Australia’s stevedoring prices lowest in 17 years

Australia’s stevedoring prices lowest in 17 years

The Australian Competition and Consumer Commission (ACCC) has claimed that increased competition in container stevedoring lead to the lowest prices in at least 17 years.

In its 2015-16 Container Stevedoring Monitoring Report, the ACCC reported that the average stevedoring prices in 2015-2016 hit their lowest point since monitoring started in 1998-1999.

According to ACCC, this reflects the increase in competition between stevedores “as they attempt to retain and/or win new shipping line customers”.

The report also showed that industry margins and rate of return on assets hit the lowest level ever recorded by the monitoring program, while productivity on the quays remained mostly stable at a close to record point.

ACCC’s chairman Rod Sims said: “Australia’s container stevedoring industry is experiencing a period of increased competition and investment in infrastructure.

“Increasing competition between stevedores should deliver cheaper imports and lower costs for exporters and will see benefits flow through the whole economy.”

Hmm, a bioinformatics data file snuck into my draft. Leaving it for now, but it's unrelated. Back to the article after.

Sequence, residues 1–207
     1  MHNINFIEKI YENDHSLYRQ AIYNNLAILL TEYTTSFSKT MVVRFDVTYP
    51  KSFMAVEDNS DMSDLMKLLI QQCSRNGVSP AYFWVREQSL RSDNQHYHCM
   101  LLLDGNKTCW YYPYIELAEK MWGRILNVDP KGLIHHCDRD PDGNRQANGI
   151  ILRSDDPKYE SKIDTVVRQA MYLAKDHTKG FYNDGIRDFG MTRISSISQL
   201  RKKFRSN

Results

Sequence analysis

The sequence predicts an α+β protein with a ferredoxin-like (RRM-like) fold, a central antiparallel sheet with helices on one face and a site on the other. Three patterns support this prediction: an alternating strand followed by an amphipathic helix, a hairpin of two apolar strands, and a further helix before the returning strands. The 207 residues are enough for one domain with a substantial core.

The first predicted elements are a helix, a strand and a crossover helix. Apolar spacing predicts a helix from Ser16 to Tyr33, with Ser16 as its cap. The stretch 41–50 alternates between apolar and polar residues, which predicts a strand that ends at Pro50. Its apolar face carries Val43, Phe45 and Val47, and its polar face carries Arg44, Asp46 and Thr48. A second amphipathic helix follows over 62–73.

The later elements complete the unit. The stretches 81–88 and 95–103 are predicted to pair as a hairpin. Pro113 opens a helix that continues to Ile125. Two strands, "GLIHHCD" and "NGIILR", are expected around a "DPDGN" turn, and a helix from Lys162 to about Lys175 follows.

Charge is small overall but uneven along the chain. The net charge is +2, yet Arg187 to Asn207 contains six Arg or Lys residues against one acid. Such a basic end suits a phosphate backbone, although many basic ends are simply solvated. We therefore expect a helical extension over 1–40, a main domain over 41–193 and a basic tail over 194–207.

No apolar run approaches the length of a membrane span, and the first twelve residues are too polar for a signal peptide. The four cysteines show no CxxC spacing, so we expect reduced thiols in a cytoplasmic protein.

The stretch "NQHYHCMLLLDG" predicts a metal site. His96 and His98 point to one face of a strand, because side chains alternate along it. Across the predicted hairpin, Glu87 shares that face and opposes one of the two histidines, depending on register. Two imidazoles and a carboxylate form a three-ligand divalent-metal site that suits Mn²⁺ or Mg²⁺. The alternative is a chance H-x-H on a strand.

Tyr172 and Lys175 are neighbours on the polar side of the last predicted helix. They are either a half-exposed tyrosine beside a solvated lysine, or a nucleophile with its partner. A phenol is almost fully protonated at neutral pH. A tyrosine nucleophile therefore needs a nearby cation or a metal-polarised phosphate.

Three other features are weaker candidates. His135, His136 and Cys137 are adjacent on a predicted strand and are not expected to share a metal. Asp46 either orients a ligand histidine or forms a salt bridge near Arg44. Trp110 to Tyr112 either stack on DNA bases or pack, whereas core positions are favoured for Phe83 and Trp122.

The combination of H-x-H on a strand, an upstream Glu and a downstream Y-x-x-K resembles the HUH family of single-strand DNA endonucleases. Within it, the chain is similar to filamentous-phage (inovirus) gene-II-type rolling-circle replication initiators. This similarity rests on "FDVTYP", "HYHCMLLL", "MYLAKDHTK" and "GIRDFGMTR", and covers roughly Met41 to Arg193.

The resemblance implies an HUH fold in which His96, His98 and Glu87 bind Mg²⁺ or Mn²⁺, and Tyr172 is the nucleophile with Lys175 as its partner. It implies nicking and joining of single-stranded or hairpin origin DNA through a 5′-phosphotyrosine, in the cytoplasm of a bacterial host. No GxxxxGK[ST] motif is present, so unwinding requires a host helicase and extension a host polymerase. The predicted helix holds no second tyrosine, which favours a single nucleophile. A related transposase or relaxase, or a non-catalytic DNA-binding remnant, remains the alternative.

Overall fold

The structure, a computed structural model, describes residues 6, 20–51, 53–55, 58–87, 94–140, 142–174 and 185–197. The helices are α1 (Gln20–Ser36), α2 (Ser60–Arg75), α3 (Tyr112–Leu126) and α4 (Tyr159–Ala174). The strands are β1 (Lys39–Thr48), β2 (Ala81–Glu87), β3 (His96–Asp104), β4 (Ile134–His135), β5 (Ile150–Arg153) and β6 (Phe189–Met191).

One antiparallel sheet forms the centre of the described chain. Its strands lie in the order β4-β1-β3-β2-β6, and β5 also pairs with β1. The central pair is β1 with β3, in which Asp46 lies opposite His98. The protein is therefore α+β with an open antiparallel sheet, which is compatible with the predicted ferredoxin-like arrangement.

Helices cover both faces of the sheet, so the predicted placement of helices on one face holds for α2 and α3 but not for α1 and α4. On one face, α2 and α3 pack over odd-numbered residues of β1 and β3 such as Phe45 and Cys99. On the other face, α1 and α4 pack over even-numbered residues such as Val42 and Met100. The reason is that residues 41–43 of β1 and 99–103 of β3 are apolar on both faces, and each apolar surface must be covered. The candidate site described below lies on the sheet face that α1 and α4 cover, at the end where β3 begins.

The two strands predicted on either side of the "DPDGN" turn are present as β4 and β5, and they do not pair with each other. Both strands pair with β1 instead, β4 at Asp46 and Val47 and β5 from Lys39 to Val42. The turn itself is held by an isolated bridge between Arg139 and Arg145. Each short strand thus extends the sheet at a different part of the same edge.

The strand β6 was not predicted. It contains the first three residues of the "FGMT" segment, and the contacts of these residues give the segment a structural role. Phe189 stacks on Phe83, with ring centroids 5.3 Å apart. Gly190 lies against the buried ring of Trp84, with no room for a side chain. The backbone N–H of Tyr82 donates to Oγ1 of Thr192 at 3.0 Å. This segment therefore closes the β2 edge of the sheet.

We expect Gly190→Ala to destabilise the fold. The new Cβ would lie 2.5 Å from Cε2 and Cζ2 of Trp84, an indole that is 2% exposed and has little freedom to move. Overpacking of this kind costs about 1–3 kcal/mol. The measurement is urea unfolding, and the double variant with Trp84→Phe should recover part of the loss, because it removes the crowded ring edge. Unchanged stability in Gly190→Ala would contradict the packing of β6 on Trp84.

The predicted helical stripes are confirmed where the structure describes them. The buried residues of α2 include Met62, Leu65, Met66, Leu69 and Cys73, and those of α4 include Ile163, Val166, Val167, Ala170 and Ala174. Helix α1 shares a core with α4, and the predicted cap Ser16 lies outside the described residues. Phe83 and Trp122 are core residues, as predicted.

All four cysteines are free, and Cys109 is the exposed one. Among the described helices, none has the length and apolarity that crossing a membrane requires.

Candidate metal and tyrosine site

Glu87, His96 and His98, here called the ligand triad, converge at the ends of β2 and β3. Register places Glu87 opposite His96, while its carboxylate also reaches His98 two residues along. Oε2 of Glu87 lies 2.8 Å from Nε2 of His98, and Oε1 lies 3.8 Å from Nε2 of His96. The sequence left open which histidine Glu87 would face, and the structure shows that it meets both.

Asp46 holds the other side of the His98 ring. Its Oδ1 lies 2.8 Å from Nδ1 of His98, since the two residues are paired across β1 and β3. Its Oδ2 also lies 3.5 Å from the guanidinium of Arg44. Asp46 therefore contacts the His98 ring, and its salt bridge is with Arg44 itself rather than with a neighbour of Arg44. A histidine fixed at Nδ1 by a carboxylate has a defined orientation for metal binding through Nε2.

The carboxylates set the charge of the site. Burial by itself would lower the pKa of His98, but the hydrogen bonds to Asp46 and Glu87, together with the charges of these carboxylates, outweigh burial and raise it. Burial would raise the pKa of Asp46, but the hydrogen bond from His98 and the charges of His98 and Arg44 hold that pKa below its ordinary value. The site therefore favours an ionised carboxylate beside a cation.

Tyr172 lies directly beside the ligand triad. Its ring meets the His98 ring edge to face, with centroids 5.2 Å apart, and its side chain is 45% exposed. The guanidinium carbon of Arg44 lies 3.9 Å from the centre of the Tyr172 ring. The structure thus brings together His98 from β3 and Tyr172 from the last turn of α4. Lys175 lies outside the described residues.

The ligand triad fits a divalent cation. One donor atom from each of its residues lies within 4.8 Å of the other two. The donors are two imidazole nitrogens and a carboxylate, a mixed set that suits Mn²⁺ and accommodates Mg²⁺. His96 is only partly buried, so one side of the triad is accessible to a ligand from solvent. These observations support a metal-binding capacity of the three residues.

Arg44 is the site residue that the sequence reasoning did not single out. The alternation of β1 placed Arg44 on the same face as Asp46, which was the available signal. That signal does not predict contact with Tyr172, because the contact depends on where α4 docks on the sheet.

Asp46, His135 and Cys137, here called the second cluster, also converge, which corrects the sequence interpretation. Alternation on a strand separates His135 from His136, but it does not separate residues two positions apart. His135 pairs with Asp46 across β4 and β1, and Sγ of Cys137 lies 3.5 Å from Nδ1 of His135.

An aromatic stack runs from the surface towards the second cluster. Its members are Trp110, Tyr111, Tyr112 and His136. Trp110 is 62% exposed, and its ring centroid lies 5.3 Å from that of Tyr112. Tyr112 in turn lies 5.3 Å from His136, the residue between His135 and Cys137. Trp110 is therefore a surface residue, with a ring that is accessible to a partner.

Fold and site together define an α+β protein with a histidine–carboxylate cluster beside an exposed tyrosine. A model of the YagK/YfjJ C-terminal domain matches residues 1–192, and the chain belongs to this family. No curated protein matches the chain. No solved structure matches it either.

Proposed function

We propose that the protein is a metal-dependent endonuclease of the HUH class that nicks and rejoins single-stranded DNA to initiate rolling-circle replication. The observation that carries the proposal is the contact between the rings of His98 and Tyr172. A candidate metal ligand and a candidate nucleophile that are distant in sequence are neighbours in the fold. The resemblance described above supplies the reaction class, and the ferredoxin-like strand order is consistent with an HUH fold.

The ACCC currently monitors prices, costs and profits of container terminal operators at five container ports in Australia, namely Brisbane, Fremantle, Melbourne, Sydney and Adelaide, where Flinders Adelaide Container Terminal Pty Ltd is the only operator.

Veterans Patrick and DP World operate at Brisbane, Fremantle, Melbourne, Sydney, while the new entrant Hutchison operates only in Brisbane and Sydney.

Competition in Australia has been increasing due to new developments as well as the expansion of existing terminals.

Hutchison Ports Australia developed new terminals in Brisbane and Sydney, while Patrick and DP World upgraded and expanded their facilities’ capacity and invested in cranes and automation.

Additionally, in Melbourne Victoria International Container Terminal (VICT) will launch the country’s first fully automated terminal in late 2016. According to the ACCC, being the new facility able to operate service larger container vessels, the capacity of the port could substantially increase.

According to the paper, “as a result of substantial investments by new entrants there is now infrastructure in place to support a third stevedore in each of the three largest container ports in Australia”.

“This infrastructure will provide additional choice to shipping lines now and in the future”, an ACCC’s statement read.

However, Sims said that new entrants continue to face challenges, claiming that Hutchison, which has been operational since 2013, is still struggling to attract enough market share to match its investment.

“It is also possible that VICT may face some issues in establishing itself when it commences operations at the Port of Melbourne at the end of 2016,” Sims added.

The ACCC reported that productivity levels at the country’s container ports remained strong in 2015-2016, with labour productivity reaching a record level but capital productivity falling slightly from its peak the year before.